Oracle is one of the largest, most popular technology company in the United States of America, let alone the entire world. Just like all other major players worth their weight in salt in the field of technology, Oracle owns several patents, one of which is for the popular software Java.
Android is a mobile operating system used by hundreds of millions of smartphones around the world. It was developed by Google, and is also owned by the company.
Way back in 2010, Oracle filed a lawsuit that claimed Google infringed on its Java copyrights to improve the performance of Android. Finally, a whopping eight years later, the United States Courts of Appeals for the Federal Circuit published a ruling on Tuesday, March 27, 2018, that it agreed with Oracle that Google had improperly used Oracle’s Java to wrongfully make its product better.
The case could prove substantial for the world of fair use, a provision in United States law that allows people to use others’ productions – we typically see fair use used in the sharing of music and movies – without owing anything to the entities that created them. Fair use has been a major topic of concern among technology companies, and this ruling between tech giants Google and Oracle could spread far-reaching effects across not only Silicon Valley, but the entire country at large.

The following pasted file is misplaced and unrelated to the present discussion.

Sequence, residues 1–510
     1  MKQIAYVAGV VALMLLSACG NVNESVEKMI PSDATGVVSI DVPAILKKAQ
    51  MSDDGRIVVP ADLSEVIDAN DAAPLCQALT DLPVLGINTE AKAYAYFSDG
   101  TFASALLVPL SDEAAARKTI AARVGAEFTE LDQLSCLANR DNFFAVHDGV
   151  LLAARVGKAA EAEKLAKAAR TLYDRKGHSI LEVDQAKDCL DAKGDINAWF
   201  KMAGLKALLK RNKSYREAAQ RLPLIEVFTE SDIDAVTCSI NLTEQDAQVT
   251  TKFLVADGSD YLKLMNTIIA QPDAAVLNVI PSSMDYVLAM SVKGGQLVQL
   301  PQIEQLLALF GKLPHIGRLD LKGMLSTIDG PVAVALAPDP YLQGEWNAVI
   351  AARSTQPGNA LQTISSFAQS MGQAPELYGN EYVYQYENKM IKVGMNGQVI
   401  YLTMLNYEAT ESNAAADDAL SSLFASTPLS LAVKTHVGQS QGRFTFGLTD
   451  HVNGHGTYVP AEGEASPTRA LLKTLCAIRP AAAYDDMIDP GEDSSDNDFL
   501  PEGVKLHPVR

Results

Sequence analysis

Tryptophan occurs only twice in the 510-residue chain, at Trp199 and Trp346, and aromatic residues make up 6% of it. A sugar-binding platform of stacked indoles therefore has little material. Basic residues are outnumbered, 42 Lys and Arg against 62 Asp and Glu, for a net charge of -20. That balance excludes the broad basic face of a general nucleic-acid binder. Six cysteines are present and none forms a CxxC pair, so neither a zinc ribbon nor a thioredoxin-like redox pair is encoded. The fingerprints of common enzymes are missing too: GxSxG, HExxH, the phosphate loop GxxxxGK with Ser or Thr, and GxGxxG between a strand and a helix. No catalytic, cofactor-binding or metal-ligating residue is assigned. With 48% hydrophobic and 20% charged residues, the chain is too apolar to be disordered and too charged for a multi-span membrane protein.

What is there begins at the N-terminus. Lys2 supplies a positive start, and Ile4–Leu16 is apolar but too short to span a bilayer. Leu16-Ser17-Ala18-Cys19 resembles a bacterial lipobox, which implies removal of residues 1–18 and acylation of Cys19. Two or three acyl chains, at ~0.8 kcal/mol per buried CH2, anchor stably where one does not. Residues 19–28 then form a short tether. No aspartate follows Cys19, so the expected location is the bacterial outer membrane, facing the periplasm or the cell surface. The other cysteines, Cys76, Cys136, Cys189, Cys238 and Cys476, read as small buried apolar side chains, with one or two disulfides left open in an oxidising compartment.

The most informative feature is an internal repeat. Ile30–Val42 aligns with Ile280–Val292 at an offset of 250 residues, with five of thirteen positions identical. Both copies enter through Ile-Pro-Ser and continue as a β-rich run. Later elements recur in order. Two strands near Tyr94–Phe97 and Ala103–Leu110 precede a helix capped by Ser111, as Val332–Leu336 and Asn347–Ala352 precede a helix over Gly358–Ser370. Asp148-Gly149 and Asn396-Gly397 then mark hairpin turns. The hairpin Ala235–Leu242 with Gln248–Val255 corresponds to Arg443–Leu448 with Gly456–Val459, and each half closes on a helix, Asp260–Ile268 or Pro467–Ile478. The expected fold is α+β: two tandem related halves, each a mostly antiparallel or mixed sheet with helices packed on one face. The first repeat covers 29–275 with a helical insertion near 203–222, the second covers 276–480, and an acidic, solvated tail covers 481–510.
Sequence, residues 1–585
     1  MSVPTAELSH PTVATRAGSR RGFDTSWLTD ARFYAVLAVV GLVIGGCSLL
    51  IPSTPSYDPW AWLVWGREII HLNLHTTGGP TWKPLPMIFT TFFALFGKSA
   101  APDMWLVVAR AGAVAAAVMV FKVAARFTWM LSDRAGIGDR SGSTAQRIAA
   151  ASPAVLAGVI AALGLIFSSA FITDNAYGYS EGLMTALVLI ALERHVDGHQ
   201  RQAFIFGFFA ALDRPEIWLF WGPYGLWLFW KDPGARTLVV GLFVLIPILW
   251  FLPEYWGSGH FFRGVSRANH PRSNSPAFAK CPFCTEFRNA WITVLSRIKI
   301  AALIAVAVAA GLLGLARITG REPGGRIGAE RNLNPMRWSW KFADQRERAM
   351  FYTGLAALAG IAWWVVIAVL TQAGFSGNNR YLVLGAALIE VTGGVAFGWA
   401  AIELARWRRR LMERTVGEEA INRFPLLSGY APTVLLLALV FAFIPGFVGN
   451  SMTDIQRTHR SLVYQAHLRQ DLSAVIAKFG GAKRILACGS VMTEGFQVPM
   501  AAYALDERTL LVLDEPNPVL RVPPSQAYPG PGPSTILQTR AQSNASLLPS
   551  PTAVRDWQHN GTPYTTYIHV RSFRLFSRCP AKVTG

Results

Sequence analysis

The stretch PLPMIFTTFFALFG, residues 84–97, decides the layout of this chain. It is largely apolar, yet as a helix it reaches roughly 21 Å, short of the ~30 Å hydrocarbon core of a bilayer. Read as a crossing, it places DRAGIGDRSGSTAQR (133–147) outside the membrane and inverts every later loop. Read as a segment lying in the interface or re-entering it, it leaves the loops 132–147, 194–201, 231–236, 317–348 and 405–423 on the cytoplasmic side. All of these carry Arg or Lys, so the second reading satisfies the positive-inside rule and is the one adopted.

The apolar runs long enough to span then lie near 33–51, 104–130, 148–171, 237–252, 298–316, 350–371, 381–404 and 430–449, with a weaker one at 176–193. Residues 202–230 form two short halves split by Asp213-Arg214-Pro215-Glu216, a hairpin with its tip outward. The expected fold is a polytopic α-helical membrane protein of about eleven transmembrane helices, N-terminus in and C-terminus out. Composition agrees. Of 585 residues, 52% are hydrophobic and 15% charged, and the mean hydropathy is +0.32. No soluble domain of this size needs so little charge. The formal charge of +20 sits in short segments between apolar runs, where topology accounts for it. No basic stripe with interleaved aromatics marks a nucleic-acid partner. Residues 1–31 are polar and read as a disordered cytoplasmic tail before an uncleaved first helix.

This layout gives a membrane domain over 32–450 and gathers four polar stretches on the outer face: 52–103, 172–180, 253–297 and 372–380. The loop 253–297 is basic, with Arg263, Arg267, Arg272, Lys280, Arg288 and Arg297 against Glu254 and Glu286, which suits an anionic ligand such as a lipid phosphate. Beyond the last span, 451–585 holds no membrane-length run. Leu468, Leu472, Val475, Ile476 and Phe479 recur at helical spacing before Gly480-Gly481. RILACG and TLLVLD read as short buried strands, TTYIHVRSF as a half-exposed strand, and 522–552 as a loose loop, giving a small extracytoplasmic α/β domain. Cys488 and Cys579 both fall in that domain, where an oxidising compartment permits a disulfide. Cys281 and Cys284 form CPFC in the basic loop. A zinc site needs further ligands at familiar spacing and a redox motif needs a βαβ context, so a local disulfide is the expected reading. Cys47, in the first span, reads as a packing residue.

According to Mark Schonfeld, an attorney at Boston’s Burns & Levinson, shared with Bloomberg that “[The ruling} is a momentous decision on the issue of fair use.” He also stated that he believed the case would be entered into the Supreme Court, as Schonfeld expressed his professional belief that the Federal Circuit Court of Appeals “made a very controversial decision.”
So what happened in this case, anyways?
APIs, or application program interfaces, are sets of directions that are written ahead of time, saving programmers time and typically reducing instances of bugs. These interfaces are most commonly utilized when people access the world wide web or open particular kinds of digital files.
Google believes, as many independent experts believe, as well, that the ruling made on Tuesday will unarguably jack up the price of software and technology hardware for consumers, potentially stifling business.
Oracle was all smiles, as the company’s General Counsel Dorian Daley claimed that “This decision protects creators and consumers from the unlawful abuse of their rights.”
Google is certain to advance the case in Supreme Court. But will it be selected?